Robert and his mother are both members of the A.R.R.A (American Rosie the Riveter Association). They volunteer to help save the bomber plant. His mom’s great granddaughters won 3rd place in the Wayne/Westland Memorial Day Parade in May for their “Willow Run Rose Buds” wagon float they pulled in the parade. A Rosie descendant is called a Rose Bud.
While at a USO dance a few years ago, long before the Yankee Air Museum was trying to save the Willow Run hangars, Robert’s mom was talking to a lady who told her they were planning on tearing down Willow Run. “I remember mom saying to me ‘There’s too much history behind those walls to let them tear it down.’ Since then, we’ve worked on trying to save some of it…and so far they have saved a small section of it, for the new museum.”
There were several improvements at this recent event that were not available at the March 2014 event. Several food trucks were kept busy feeding hungry Rosies. There was occasional entertainment to break up the stretch of time from when the registration tables opened at 10am until the official Rosie gathering at 2pm.
There was an area for children to color or read stories about Rosie the Riveter. For $195 and up, you could take a ride in a bi-plane. There was a long lineup of silent auction items to bid on. Sales were brisk at the museum table-the We Can Do It totebags sold out quickly. Other items available included books about the plant and about Rosies, playing cards, die-cast planes, and decals. The WWII Rosies had a special area where they could relax before the official count.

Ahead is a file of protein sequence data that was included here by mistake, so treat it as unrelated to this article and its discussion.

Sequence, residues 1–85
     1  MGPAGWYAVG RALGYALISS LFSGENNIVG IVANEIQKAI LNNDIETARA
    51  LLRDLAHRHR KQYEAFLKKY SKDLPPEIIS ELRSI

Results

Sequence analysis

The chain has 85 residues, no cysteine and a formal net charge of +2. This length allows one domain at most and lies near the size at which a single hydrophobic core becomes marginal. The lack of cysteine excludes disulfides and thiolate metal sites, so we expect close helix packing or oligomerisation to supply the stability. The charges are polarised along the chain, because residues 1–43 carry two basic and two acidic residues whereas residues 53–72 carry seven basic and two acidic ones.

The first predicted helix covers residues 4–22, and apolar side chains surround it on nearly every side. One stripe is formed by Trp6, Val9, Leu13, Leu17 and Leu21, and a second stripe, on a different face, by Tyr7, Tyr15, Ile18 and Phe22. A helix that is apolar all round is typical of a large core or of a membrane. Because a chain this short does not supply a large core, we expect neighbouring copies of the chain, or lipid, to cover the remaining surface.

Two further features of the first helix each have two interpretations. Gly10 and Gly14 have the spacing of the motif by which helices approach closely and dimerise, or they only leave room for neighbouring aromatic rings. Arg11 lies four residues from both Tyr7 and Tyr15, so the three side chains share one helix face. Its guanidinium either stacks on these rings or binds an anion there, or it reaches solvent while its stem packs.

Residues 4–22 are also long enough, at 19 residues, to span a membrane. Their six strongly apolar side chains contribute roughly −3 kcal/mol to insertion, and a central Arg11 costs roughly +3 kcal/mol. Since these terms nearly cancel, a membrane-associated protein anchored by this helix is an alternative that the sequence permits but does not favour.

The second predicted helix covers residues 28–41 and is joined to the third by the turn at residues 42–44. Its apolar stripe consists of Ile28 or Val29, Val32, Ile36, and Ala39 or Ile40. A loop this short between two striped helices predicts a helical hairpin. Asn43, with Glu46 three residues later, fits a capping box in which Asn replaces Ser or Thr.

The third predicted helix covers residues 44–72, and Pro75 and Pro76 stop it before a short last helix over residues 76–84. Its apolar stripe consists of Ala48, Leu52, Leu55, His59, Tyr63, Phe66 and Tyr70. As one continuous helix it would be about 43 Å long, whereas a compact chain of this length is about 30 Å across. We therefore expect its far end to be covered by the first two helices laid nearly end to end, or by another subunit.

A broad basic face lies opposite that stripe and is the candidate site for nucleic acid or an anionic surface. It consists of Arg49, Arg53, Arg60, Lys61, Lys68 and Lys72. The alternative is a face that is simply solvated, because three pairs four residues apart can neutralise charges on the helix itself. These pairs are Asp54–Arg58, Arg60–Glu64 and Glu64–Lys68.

My mother-in-law, Alicia Marnon, (a Wayne resident) and I attended the event. We wore our official Rosie costumes, adhering to the strict guidelines set by Guinness. A Rosie had to wear either dark blue workers coveralls with long sleeves or a long-sleeved dark blue collared shirt and dark blue pants or very dark blue jeans, black or dark brown low heel work boots or work shoes, red knee-socks with pants rolled up to show them, and a red with large white polka dots bandanna tied at the top of the head. As we entered, we were given a schedule of events and asked to choose a tag representing a real Rosie from the past that we could wear around our necks.For a $5 donation, Rosies could tour the Boeing B17G “Yankee Lady”. This plane had a walkway in the middle of it that was very narrow. You stood on it and looked down to see the open sky below. One would hope the crewmembers were wearing parachutes in case they suffered a misstep.
When the time came, the Rosies were called to start lining up to go through the turnstiles into the staging area. Men volunteers were holding signs that displayed increments of 50: 1-50, 51-100, etc. All the way up to 2000. The Rosies were counted as they entered and assigned to a “sign”. Chants of “Rosie, Rosie” were led several times. When the last Rosies were counted, the original WWII Rosies were brought into the area and seated at the front. To be considered for the world record, the Rosies had to stand together for 5 minutes. During that time, they recited The Pledge of Allegiance and sang the National Anthem, Amazing Grace and America the Beautiful.
It was announced that the world record was“unofficially” 2,096. Cheers went up from the crowd. The big doors to the hangar which was the staging area rose up and the Rosies spilled out into the cool fall air. Laughter was heard as the crowd started to disperse. What a record-setting day!